November 25, 2003

Usability Service with a smile...

...okay, a quirky, possibly scary "The Shining" kind of smile, but a smile nonetheless.

The following is from the home page of Kurt Robinson Usability Consulting. It struck me as funny - but then I have a rather twisted sense of humor (a fact that anyone who reads this site often will atest to). I'm not sure it's the kind of writing style that conveys a sense of credibility or professionalism.

"We rigorously inspect your site, looking for ways to make it quicker and easier for your site's visitors to find things, compare products, check out, subscribe, etc. Beyond that, we look for any opportunity to enhance the user's sense that your company is trustworthy, and that, vaguely speaking, your company has a consistent, likable personality. Failing that, at least try to be likable in your private life. Remember birthdays. Really listen. Play dumb. Put a sock in it.

"The deliverable is a Usability Report - A concise report describing ways to improve the user experience your site provides. In this context, 'the deliverable' has no sexual connotations."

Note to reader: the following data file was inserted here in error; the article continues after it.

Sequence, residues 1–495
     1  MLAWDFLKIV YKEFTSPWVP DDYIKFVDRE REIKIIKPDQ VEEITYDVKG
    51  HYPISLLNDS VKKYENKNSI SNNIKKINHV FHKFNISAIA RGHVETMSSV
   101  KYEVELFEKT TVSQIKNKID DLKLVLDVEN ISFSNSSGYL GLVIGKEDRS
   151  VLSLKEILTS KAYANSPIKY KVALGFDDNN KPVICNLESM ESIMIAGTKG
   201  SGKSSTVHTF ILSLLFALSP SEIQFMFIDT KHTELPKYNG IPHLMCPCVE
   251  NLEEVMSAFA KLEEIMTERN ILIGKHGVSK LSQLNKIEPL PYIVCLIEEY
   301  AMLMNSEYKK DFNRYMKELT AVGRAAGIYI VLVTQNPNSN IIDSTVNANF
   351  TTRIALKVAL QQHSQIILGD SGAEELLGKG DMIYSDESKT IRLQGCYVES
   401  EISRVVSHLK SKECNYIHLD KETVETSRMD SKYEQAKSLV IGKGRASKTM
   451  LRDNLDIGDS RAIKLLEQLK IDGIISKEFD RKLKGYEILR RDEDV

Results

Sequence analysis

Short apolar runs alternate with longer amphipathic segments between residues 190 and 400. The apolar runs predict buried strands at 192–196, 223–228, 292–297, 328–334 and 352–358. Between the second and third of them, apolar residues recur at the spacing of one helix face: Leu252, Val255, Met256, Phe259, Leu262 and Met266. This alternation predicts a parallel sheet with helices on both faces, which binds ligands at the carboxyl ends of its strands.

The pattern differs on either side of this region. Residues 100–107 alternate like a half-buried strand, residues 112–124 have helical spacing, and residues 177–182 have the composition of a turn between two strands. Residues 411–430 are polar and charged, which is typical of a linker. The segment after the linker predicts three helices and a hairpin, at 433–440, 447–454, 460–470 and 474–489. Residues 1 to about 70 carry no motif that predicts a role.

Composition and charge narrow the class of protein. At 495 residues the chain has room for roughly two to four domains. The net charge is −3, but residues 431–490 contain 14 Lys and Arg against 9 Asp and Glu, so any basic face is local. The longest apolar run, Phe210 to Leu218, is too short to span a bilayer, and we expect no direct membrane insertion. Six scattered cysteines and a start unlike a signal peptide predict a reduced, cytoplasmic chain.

I'd never hire this consultant - not based on their web site. Then again, there's so much obviously wrong with this site that I can't believe they actually expect to get any business from their site.

Of course, maybe they're not targeting folks like me or my clients. If their target market is adolecent boys, maybe this is spot on.

Being funny's great, and I think it can actually help in marketing. Just look at Steve Krug, his book was a huge seller, largely because of his fabulous writing style. But there comes a point when things go too far and turn people away.

November 24, 2003

It's a good chuckle

Bob's Quick Guide to Its and It's, you idiots

[via Meryl]
Dispelling myths about spam

Rebecca Lieb has an excellent piece at Clickz called The 10 Biggest Spam Myths. If you think "something must be done," then you should read this very informative and eye-opening article.

"Everyone battling the spam scourge -- marketers, consumers, lawmakers, and the media -- could do with a little reason and rationality just about now. It's time to think critically about received ideas on spam."